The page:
How much life insurance do you have on yourself?

The annual benefits enrollment thread had me curious on this. How much life insurance do you have on yourself?

  • $0
  • Free level at work (~2-3x salary)
  • Something beyond what’s free, but still < $1M
  • $1 - 1.9M
  • $2 - 2.9M
  • $3 - 4.9M
  • $5 - 9.9M
  • $10M+

0 voters

no dependents means not really a point in having life insurance.


My spiel on life insurance is that most people have either way too much or nowhere near enough.

If you’re a near-ASA/ACAS in your late twenties with a baby on the way you might need $2,000,000.

If you’re a FSA/FCAS in your late 50s and an empty-nester you might only need $10,000 for burial insurance.

Yet the first person likely has the 2x annual salary their employer provides and the second probably has the $2,000,000 individual policy on top of what their employer provides.

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Through work, we get 1×base salary “free”, with an option to buy up to 6×base. My wife is disabled, and we have no kids. Between that coverage, her SSDI, my 401(k), and our investments, she’ll be fine if something happened to me, although it might not be the level of luxury she’d prefer.

On top of that, I have a few small whole life policies that my parents took out on me as a child, which I still pay the premiums on. They’re enough to reimburse the costs of a funeral, estate costs, and probably have a little bit left over.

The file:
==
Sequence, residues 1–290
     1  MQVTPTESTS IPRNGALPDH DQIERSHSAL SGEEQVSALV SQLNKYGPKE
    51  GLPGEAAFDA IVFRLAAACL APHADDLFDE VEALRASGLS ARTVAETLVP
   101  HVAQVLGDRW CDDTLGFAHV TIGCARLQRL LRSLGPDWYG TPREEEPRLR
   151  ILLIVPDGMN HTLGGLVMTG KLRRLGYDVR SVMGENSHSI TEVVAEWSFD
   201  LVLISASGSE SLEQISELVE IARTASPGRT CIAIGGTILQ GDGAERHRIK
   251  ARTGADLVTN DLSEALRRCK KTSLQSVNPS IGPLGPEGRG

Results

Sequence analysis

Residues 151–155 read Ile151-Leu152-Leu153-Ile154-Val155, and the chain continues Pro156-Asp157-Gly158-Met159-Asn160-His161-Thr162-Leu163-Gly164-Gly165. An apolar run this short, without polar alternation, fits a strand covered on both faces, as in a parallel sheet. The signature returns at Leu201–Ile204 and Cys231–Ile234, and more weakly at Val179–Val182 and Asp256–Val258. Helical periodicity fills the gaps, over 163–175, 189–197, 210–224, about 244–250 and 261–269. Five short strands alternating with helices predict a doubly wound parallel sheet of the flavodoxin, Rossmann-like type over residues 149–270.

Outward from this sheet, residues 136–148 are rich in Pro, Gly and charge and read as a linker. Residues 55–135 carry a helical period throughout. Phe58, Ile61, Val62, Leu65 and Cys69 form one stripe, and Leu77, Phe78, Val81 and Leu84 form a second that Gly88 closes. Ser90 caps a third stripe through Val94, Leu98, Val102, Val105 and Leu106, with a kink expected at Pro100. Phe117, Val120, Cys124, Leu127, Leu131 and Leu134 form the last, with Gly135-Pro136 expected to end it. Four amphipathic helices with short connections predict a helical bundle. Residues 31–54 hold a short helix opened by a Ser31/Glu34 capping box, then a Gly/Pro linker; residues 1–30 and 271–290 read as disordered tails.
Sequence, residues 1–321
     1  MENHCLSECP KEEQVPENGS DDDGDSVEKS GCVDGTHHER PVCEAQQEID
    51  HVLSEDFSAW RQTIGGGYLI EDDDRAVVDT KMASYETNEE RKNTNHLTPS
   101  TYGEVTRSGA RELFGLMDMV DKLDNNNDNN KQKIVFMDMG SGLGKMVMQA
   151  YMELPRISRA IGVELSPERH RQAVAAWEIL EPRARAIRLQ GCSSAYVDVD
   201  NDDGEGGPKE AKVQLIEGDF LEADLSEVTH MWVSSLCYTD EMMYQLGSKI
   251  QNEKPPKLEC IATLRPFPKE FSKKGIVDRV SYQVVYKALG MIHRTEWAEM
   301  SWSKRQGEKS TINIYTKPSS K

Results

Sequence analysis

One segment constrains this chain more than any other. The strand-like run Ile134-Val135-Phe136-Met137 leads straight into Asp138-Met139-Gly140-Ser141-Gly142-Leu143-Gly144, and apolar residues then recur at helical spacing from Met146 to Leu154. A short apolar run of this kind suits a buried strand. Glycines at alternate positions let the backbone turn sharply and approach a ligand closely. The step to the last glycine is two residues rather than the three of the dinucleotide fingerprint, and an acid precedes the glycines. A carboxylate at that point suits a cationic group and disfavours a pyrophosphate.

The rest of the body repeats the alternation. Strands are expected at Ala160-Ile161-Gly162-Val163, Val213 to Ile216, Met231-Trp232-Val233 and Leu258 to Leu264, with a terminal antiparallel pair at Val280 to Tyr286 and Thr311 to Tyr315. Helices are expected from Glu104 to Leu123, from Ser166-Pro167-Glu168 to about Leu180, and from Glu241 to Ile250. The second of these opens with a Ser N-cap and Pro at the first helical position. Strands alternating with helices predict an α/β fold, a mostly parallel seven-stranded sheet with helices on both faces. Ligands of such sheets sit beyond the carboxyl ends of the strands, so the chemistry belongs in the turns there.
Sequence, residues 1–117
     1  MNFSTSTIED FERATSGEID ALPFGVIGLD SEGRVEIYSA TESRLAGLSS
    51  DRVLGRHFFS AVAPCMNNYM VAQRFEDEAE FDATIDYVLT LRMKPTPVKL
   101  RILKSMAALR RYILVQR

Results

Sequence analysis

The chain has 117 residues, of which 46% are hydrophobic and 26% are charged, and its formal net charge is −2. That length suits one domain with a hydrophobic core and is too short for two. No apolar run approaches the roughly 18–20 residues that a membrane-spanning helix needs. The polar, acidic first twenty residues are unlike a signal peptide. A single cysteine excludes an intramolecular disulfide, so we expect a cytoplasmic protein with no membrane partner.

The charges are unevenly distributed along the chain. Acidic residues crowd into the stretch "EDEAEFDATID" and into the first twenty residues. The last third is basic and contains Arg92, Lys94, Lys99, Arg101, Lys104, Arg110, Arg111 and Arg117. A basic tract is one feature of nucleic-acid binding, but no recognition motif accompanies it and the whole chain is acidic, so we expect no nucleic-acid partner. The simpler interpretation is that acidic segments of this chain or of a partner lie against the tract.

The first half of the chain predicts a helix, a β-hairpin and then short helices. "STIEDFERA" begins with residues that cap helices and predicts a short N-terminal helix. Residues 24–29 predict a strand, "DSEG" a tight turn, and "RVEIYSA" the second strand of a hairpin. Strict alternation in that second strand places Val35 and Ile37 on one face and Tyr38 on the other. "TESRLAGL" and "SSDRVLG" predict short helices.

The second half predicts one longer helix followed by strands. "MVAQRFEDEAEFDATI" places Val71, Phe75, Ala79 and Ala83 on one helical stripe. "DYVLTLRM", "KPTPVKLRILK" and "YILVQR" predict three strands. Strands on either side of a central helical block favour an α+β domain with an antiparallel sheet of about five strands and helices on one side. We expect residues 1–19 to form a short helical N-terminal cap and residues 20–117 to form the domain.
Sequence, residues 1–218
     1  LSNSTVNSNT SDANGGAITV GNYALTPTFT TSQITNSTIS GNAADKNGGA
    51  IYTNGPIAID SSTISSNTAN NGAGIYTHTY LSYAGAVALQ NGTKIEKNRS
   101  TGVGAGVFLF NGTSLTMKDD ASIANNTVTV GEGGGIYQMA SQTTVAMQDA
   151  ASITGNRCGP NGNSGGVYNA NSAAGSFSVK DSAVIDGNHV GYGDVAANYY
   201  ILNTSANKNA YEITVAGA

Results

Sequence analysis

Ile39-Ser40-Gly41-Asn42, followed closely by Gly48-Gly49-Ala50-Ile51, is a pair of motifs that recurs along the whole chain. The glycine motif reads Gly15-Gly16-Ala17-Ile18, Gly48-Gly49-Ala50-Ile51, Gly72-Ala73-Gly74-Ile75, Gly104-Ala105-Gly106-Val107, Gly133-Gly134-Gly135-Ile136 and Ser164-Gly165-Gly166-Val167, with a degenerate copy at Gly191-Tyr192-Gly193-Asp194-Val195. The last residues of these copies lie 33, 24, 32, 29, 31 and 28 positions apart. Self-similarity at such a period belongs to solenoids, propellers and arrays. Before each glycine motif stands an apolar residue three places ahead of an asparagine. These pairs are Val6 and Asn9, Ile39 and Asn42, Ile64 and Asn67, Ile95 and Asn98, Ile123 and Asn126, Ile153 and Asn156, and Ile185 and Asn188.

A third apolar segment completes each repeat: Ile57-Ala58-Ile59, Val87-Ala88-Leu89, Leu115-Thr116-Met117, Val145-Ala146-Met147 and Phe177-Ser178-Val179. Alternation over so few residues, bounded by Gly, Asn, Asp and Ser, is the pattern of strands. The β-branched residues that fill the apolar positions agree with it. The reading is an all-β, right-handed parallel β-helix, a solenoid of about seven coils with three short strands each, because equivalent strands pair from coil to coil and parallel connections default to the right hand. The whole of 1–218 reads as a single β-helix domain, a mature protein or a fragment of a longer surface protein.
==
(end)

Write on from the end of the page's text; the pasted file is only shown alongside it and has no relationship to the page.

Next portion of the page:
At least before a few heath issues emerged, I suspect it would have been cheaper to get term life outside my work benefits. But I’m lazy and it’s not that expensive, so I went with the path of least resistance.


One thing I learned when my parents passed is that funerals aren’t cheap, and there are plenty of expenses associated with the aftermath. (My father passed away 15 months ago, and I just had another 4-figure bill come in to renew a probate bond, since the IRS is being slow, preventing me from closing the estate.)

Having a little something prepared to clean up after your messes is something that would be appreciated by the executor/administrator of your estate.


True, but if you have money sitting in savings then you don’t necessarily need life insurance for that purpose.


$500k. If I die tomorrow my wife would have enough funds on hand (using the 4% rule) to pay off the house and live fairly comfortably without ever working again.

I don’t need anyone profiting off my death.

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How much does it cost to donate your body to science?

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Will not answer poll directly, but when I visited with my insurance agent (and talked with my BiL who is also familiar with the industry), I made sure that the total amounts of “guaranteed” benefits (see note below) would cover the following:

  • outstanding debts that are likely to be assumed by my spouse
  • outstanding balance of mortgage (so dependents aren’t “kicked out”)
  • approx. 3 years of income based on my current income level.

Let’s just say that this is somewhere above $500k.

By “guaranteed” benefits, we did not include AD&D benefits or others that have additional criteria beyond my death.